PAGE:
Cumberland Advisors Market Commentary –  Two Covers; Two Sectors

Author: David R. Kotok, Post Date: June 2, 2020
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If you looked at the two different covers of The Economist for May 30, 2020, you saw the 100,000-death message on the American version, and you saw the Hong Kong security law depiction on the Asian edition. Internal content was mostly the same, but the lead stories reflected the world as the Economist editors saw it and wanted to portray it to their readers.

The-Economist-Covers

In my view, The Economist is the finest weekly global news magazine in the English-speaking world.

In the US, the contrasts in economics and financial markets are extraordinary. The stock market is setting recovery new highs, one after another. See the May 29th “Week in Review” video by Matt McAleer and the charts he uses in his discussion of the trading strength of this monster rally in the US market (https://youtu.be/isgC8sSacEI).  Anyone interested in those charts can email me, and I will ask that they be sent to you. At least one viewer found them hard to see on the video (beginning at 2:47).


 

The US higher-grade bond markets seem to be calming down. John Mousseau talks about them at the beginning of the May 29th weekly video clip linked above. Readers who like the Mousseau beard or who dislike it are invited to send an email to John and voice an opinion. There is a charity bet underway, so feel free to make your opinion known directly to John.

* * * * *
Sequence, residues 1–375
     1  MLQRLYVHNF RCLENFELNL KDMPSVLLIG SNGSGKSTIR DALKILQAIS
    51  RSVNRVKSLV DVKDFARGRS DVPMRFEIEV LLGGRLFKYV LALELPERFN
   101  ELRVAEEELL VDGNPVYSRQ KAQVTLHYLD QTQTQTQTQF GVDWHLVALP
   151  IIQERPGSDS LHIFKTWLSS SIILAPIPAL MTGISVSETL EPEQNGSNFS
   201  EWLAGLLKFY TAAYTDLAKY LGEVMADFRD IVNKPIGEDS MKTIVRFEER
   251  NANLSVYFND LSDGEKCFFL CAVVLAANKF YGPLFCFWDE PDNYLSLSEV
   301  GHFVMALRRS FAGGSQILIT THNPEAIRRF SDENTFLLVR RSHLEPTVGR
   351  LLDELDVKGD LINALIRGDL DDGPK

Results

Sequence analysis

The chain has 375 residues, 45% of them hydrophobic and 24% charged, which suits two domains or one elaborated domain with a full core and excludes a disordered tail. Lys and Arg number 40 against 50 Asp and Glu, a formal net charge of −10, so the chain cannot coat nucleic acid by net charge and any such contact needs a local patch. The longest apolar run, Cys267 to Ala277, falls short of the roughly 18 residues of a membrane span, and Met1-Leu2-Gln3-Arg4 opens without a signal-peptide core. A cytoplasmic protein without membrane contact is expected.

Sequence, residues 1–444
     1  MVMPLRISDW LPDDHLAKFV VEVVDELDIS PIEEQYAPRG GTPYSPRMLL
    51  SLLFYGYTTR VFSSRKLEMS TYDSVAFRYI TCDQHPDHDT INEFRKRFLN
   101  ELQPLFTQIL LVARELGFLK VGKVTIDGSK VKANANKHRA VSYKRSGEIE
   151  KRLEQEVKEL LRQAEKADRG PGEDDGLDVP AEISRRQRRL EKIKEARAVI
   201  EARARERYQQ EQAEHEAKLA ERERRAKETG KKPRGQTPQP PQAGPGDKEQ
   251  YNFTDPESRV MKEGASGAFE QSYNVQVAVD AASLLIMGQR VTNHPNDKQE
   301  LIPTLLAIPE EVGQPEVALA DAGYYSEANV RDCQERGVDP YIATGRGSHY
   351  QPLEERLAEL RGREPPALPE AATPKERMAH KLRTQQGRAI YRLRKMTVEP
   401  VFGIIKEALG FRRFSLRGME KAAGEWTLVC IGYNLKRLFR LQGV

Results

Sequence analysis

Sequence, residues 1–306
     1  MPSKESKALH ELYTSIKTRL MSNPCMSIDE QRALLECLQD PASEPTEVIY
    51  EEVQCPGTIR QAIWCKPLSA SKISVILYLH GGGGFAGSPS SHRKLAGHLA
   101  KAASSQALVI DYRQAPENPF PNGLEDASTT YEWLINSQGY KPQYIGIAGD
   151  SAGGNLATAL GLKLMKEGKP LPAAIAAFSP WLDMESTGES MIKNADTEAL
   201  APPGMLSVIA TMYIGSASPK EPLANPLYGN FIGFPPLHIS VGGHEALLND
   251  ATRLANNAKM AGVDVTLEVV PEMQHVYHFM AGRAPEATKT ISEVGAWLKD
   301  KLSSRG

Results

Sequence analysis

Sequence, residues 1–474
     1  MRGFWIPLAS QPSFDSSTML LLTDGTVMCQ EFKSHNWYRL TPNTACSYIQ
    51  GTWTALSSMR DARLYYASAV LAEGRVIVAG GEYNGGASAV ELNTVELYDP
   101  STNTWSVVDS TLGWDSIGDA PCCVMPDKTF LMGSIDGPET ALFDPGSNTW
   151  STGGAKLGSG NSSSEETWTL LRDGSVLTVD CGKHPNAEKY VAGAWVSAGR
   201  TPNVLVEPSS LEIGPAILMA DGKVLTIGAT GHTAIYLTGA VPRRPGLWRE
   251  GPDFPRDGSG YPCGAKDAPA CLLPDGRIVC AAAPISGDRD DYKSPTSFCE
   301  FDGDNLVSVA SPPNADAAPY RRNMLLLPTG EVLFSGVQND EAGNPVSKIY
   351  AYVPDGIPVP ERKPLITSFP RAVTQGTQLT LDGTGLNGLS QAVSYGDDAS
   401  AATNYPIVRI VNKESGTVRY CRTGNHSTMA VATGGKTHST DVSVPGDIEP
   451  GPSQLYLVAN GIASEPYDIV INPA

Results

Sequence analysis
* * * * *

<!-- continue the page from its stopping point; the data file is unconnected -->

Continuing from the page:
You can get the sense of Cumberland’s various portfolio positions from those two clips, so I won’t take time to repeat the points John and Matt make here. But there is an additional portfolio issue worth discussing that last week’s videos did not cover. The issue is what will happen to the US dollar in the FX markets and how that will impact the Energy sector and the Materials sector. The two covers of the Economist help frame this debate.

What is happening to Hong Kong is a geopolitical shock. A Cold War of words is intensifying between the two largest economies in the world. Some of the policy issues are troubling. Why fight with the WHO in the midst of a global pandemic when you need to achieve globally interdependent and curated outcomes in treatment and vaccines? If the US wants to pressure China, why not move for Taiwan’s admission to world bodies like the WHO instead of withdrawing (running away from the fight). Why not open the US visa program to Hong Kong citizens like the UK just did? We have done that in the past with Hungarians when a similar power shift occurred. We did that with Cuba after the Castro power grab. The intellectual property transfer to the US from China (Hong Kong) and the brain drain we could impose on China would be enormous. All could hugely benefit the United States.

Hong Kong is a monetary and financial center, and capital flight is underway. America can benefit immensely by attracting the flows and the talent. Our doing so will alter the US dollar for the benefit of the United States. We are still the strongest financial center in the world.